Connecting with God through poetic articulations of lived, embodied experience–engaging texts from the Revised Common Lectionary for Christian churches, other biblical and spiritual texts, and evocations of the divine in rituals and other public events–always accepting lived reality as a primary source of divine revelation and mystery.
The first eighteen verses of John’s Gospel
tell us the story we know,
words of comfort
as we hear them once again.
Another holy man,
the Hebrew prophet Jeremiah
in chapter 31, verses 7-14,
shares a divine pronouncement,
glad tidings of great joy—
the caring God
who does not forget who or where we are,
calling yet again to us
to gather, in person or virtually,
(just think, God does so much virtually
even as God is right beside us)
to know that no matter how scattered
we may be—whether by geography, social station,
politics, race and gender, age—
we are called together
as the people of God
to claim our sense of belonging,
weeping or laughing or singing
or all three,
to go beyond rites and rituals of this season,
to know and share our regrets,
our laments, anger, sense of neglect,
our relief, our happiness, our love
not only with those in our immediate circle
but the whole world, the whole of creation,
more and more coming toward us,
crowds becoming almost scary in their size
and diversity and yet, and yet,
every one a divine offspring,
the cherished of God
responding to the ever-present
divine invitation to live whole lives
not only in our own selves
but in every other being as well.
God tells a victorious David,
through his counselor Nathan,
I don’t need to live in the house
you want to build me.
My tent works for me,
I can live among my people, move about with them,
besides I don’t require
monuments supposedly for Me
but more likely to glorify the builder.
I am the Master Builder
having already created a world
for you and everybody,
every single body, human and non-human
(those are your categories—all are equally dear to Me).
God tells Mary,
a young woman unknown to the world,
speaking through the divine angel
that she will deliver a child,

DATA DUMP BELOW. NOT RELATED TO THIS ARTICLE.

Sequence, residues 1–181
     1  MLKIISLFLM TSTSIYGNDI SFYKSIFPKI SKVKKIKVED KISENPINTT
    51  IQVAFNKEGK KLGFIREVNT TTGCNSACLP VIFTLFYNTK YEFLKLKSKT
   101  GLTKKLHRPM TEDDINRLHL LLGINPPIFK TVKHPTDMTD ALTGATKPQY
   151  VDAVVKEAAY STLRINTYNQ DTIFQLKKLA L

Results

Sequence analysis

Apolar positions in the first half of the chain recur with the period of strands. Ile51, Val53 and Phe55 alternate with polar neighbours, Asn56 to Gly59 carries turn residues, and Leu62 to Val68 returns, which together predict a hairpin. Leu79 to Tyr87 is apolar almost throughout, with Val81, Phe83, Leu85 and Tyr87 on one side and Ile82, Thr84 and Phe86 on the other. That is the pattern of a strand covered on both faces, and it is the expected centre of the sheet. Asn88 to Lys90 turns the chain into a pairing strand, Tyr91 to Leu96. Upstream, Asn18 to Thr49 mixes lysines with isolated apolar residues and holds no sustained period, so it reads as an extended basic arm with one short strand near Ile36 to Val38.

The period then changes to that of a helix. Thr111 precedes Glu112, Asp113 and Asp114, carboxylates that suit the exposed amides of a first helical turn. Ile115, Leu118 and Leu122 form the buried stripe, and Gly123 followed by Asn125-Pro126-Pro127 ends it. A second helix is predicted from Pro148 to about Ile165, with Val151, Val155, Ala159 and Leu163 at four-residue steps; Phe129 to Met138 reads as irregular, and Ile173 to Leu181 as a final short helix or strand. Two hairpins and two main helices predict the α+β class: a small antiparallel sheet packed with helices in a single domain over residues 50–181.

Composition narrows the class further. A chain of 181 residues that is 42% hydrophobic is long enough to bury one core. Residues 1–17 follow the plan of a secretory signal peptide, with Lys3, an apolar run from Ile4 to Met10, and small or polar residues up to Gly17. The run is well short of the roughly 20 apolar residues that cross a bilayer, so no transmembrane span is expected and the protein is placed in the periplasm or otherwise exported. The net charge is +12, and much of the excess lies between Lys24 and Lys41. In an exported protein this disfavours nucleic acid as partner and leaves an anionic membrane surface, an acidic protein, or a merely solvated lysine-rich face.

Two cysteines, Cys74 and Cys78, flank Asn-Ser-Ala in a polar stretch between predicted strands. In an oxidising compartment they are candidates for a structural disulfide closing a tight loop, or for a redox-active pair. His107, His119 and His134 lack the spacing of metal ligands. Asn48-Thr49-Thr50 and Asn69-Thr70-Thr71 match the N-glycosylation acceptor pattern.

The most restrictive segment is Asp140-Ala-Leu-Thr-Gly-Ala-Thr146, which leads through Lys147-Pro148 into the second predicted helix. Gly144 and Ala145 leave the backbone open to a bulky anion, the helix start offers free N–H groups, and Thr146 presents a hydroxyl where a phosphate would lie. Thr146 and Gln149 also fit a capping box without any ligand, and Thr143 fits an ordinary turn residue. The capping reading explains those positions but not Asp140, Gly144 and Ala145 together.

a child who will grow up to be known
and celebrated and worshipped around the world—
but God knows his will not be an easy road.
Still God trusts Mary and she does not fail
delivering the baby
not in a grand room
but surrounded by shepherds
cows, sheep, and hay
and yes, several others
of more exalted station.
He grows up to tell us
to value the meek and peaceful
not those who strut the world
building up themselves and those they favor;
to heal the sick,
not ignore their needs:
to free the prisoners,
not add to their number;
to comfort those who mourn
not create more disaster and distress.
He reaches out and heals
those the world ignores, maims and kills,
knowing that God wants
not only life and liberty
but also the pursuit
of just happiness for all.
He is not governed
by morality the dominant powers create
for their own interest,
but by how God values all,
the poor not just those
successful on the world’s terms
and those who break narrow, puritanical rules
in the name of love;
those whose skin color,
gender, and personal and social identities
are less favored, even abused by,
worldly rules, rulers and life;
those born on both sides
of the tracks,
living in tumble-down shacks
as well as suburbs;
and those who agitate for justice
as well as those who fail
to see and do it.
John, moved by the spirit of God to testify, cries
make straight and smooth the way of the one who is to come–
this the one we recognize in the words of Isaiah:
The Spirit of God is upon me, for the Holy One has anointed me.
God has sent me to bring good news to those who are poor,
not more tax breaks for the rich nor crushing burdens for the rest;